The OP1 identifies investment in waste management related infrastructure including rehabilitation of closed landfills for other non-waste related uses as well as education campaigns. This policy also identifies energy recovery from waste as an important issue, giving more value to the concept of waste as a resource. Importance is also given to the development of a waste-to-energy facility to treat outputs from Mechanical and Biological Treatment Plants as well as bulky waste and in turn reduce the quantity of waste deposited in landfills. The programme states that the government is committed to continue rehabilitating closed landfills, such as Wied Fulija, with a view to reducing air pollution through the control of aerial emissions from landfill and combustion gases as well as to improve the visual impact of such landfill with the intention that rehabilitated landfills will be used for purpose other than landfilling. However, this policy instrument fails to tackle landfill management techniques other than landfill rehabilitation. Other landfill management techniques would not only improve our local situation but also complement our present waste management system. Landfilling in Malta is one of the major challenges being faced due to its small size, high population density, dependency on the tourism sector and increased economic activity. This issue is further escalated considering the country still disposes most of its generated waste into one landfill with limited space.
The OP Competitiveness and sustainable development 2014-2020- Priority: Management of solid waste and water resources has an axis on closing and rehabilitation of landfills The closing and restoration of all dumpsites (uncontrolled, “non-sanitary” landfills) is one of the specific activities. The closure of landfill sites, rehabilitation and management of closed Landfill sites (53 in District of Pafos, Larnaca/Ammochostos) has been performed, based on a Study for the creation of an Action Plan for the restoration of landfills (05/2006), with objectives to identify all uncontrolled landfills all over Cyprus, to categorise them according to risk levels and to specify rehabilitation techniques based primarily on the direct removal of all risks to public health and the environment, and then on possible rendering of the sites suitable for other future uses. According to the OP the planned investments in landfill management for the programming period 2014-2020 are the closure and restoration of the 60 landfills of Nicosia and Limassol Districts and the financial support to increase the capacity or improve the technology used by waste management facilities. Since the OP took into consideration the 2006 Action Plan, it is likely that the OP might not be supporting the best nor the most cost-effective landfill practices. The project will help to improve the overall performance and effectiveness of the OP axis on restoration of the 60 landfills in the Nicosia and Limassol Districts.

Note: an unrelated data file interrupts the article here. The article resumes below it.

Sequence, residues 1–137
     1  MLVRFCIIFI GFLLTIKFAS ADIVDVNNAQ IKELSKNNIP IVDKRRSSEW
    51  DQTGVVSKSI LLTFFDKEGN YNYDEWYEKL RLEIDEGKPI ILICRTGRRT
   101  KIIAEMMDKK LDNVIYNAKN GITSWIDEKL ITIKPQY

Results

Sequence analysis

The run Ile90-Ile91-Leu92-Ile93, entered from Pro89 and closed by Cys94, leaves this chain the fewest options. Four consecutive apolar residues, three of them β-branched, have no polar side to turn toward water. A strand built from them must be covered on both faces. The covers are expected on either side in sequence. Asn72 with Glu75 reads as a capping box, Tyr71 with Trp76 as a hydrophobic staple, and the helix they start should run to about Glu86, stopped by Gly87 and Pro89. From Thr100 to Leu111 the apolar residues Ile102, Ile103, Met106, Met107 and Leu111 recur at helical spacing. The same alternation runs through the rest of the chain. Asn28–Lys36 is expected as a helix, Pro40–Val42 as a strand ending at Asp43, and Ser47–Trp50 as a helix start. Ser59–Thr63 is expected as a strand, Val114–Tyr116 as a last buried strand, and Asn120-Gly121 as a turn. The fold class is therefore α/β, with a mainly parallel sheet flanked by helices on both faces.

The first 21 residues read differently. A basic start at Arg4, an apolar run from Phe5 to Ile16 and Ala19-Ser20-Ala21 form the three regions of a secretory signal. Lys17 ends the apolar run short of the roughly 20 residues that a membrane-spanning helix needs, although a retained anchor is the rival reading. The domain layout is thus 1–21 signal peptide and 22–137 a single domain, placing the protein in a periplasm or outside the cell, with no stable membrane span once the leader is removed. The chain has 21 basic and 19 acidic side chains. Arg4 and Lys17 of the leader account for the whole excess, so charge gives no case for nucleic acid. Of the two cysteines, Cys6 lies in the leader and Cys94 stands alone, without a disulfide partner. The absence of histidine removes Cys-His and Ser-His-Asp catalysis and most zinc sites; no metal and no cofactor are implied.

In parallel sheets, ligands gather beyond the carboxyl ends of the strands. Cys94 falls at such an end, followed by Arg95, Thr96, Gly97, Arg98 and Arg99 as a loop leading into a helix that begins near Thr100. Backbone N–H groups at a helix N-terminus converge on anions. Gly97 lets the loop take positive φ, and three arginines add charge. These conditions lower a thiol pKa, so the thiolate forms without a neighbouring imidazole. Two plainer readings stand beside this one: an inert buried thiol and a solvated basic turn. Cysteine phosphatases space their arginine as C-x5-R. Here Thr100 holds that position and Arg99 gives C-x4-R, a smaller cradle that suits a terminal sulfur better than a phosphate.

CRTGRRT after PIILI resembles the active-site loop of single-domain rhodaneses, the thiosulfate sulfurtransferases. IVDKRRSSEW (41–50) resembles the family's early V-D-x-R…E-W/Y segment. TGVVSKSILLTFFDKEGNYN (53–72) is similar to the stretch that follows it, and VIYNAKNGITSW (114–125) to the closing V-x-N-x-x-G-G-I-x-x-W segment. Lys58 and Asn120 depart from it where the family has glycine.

Since 1996 the public authorities are addressing landfill sites in order to prevent citizens to come in contact with the waste landfilled and contaminants will leach into the groundwater. Landfill sites already closed in 1996 were investigated in a national survey inventory (art. 8.48 and 8.52 Environmental Protection Act (EPA)). This inventory closed in 2004 and concluded that no sites had to be cleaned up urgently. However, some sites do result in leaching to the groundwater and might become risks for the quality of the environment. Therefore, it is important to address these issues (art. 8.49 EPA). For the landfill sites still in operation in 1996, specific legislation in the framework of the EPA was introduced in 1998 (art. 8.49 and 8.50 EPA). The provinces were responsible to implement this act in their territory and are still the competent public authorities for having these sites properly managed in terms of the environmental control of the landfill gas, water drainage, bottom- and surface liners and interim use of the area for solar panels, wind turbines and sport activities. Some 20 landfill sites in the Netherlands are still in operation for the deposit of waste. In order to update the national policy documents about landfill sites to new management regimes, recovery of land and resources and to simultaneously reduce costs, in line with the Dutch Green Deal Sustainable Landfill Management, the EPA, including specific directives for landfilling, has to be improved.